GuilFest is back! Tony Scott, promoter of the original GuilFest, has secured a licence from Guildford Borough Council to stage a 20,000 capacity event in 2014. Scott’s previous company, Scotty Events Ltd, went bankrupt in 2012 after the Olympic Games and poor weather led to poor tickets sales and debts of over £300,000. After strong local support Scott’s new company, Trowfest Ltd, was granted a new licence, although he will have to provide a financial bond, evidence of its contribution to the local economy, and make commitments to support local music. Live Nation, who staged the 12,000 capacity Magic Summer Live in 2013 in Guildford, will not repeat that event.
Confusion still surrounds the future of the Hop Farm Festival with two events still in the planning it seems. A festival at the Hop Farm’s original site in Paddock Wood co-promoted by the venue owners and UK Events has already announced Beach Boy Brian Wilson as a headliner – but Vince Power, the original promoter whose Kent Festivals company collapsed in 2012 with debts of £4.8 million, still seems intent on promoting a ‘Hop Farm’ festival in the locality, although the local authority confirmed that no licence had been applied for as yet. The Hop Farm, Paddock Wood, Kent, 4-6 Jul: James Blunt, Caro Emerald, Paul Carrack, Squeeze, The Feeling.
AEG Live are planning a series of UK Live one day events across the UK with acts including Jessie J, Jason Derulo and Rizzle Kicks. And a new 22,000 capacity music festival at Leicester City’s Welford Road rugby stadium is being planned by two local businessmen – Manoj Keshavji and Shane Whitfield.
Ten people have been charged under German law with negligent manslaughter in relation to the to the fatal stampede that occurred at Germany’s Love Parade festival in 2010 which left 21 people dead and over five hundred more injured. The Festival, which began in 1989 as a Berlin-based event, began travelling to different German cities each year in 2007, was taking place in Duisburg in 2010. The free event was always well attended, and though turnouts had fallen in the few years prior to 2010, it was estimated by investigators that almost half a million people had attended that year on the site of a former freight rail yard. The site’s capacity, however, was 250,000 and despite the large number of people attending, crowds entering were funnelled through a single underpass, which quickly became crowded on the Saturday morning of the event there was a surge in the crowd, which caused panic in the tunnel followed by a stampede. Six of the event’s organisers and four city workers have been charged with negligent manslaughter and bodily harm. If convicted, they face up to five years in prison each. All deny any wrongdoing. The event was permanently cancelled by organisers after the tragedy. Six people had proceedings against them dropped after the investigation by the state of North Rhine-Westphalia for lack of evidence. The then mayor of Duisburg, Adolf Sauerland, was forced to step down after a 2012 city referendum, accused of having ignored warnings that the venue was too small. Organisers faced criticism at the time in media reports suggesting that officials and organisers did not heed warnings that there would be problems with such a massive crowd. Duisburg prosecutor Horst Bien told reporters: “Something happened on 24 July 2010 that should never have happened. We weren’t looking to see who was morally or politically responsible but instead focussed only on who was criminally liable”. Bien said the entrance was not big enough to handle the numbers of those attending and said those charged should have known that. An interim police report listed a catalogue of crowd management and planning mistakes. The grounds opened nearly two hours later than promised, leading to an initial blockage in the tunnel, and there were no loudspeakers to control the crowd, the report said. “Mistakes in planning were the main reason for the disaster,” Bien said adding thaT “an event where people wanted to party, dance and have fun, turned into a terrible tragedy” and “The victims, their relatives and the bereaved are still suffering today because of the traumatic events.” http://www.bbc.co.uk/news/world-europe-26152045 and photo by Arne Museler.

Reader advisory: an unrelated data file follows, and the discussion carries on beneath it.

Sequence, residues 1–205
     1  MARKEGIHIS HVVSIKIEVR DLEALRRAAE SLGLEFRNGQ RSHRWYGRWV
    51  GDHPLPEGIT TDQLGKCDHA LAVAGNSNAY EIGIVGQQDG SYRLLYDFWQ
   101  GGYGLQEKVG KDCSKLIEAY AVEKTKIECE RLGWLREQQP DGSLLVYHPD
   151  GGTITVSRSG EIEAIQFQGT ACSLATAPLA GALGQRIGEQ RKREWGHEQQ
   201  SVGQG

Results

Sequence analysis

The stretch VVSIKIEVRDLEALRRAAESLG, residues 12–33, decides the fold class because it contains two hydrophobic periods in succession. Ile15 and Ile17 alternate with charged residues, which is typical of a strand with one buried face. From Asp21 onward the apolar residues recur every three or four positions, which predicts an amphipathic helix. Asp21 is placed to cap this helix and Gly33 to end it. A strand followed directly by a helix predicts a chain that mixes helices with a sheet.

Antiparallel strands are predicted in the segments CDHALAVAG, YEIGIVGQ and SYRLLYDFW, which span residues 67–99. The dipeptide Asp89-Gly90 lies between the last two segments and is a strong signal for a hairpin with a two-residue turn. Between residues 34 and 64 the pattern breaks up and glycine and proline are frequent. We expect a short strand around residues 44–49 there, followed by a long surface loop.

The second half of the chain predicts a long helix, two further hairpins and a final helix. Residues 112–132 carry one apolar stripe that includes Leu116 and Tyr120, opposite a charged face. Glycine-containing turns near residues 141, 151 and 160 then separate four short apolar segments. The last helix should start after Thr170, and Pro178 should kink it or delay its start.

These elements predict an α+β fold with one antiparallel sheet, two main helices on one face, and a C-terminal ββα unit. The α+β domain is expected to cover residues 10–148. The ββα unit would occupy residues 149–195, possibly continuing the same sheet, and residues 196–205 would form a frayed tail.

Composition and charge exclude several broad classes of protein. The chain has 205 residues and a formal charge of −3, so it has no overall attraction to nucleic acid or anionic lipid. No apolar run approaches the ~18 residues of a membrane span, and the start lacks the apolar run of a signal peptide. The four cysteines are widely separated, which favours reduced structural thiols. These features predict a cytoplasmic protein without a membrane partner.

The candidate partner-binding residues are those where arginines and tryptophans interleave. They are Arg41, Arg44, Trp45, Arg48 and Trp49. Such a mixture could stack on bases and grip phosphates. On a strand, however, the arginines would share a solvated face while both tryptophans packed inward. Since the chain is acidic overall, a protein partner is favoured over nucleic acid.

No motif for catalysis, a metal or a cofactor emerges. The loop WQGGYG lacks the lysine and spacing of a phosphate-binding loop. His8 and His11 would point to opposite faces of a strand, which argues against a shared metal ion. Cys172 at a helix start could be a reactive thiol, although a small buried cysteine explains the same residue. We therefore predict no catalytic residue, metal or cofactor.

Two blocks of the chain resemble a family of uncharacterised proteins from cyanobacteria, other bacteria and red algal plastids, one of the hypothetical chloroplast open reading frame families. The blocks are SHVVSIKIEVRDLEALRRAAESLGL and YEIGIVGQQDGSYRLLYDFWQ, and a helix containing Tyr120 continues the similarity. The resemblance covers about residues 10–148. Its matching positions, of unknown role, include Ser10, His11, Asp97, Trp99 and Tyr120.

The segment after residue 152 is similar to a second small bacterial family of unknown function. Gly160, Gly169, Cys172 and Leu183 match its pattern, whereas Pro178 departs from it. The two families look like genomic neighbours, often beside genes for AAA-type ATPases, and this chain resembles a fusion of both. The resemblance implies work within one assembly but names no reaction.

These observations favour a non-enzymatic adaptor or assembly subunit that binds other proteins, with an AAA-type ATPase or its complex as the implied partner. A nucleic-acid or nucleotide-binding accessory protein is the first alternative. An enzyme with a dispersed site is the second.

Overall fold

The city of Goma in the Democratic Republic of the Congo has been the scene of armed conflict between rebel and government forces for nearly two decades. But this weekend Goma put on a different face as crowds gathered at College Mwanga to celebrate a music festival with the optimistic slogan “playing for change, singing for peace”. Thousands of Gomatraciens and visitors from other parts of the DRC and from Rwanda, Burundi and other countries attended the festival, which had been scheduled to take place in 2013 but was cancelled because of clashes between Congo’s army and M23 rebels. The Amani festival – Swahili for “peace” – went ahead this year after peace talks between the warring parties. Musicians and artists from all over the region, including the outspoken Kinshasa rapper Lexxus Legal and the local musician Innocent Balume, performed. http://www.youtube.com/watch?v=G8ItuFT4f84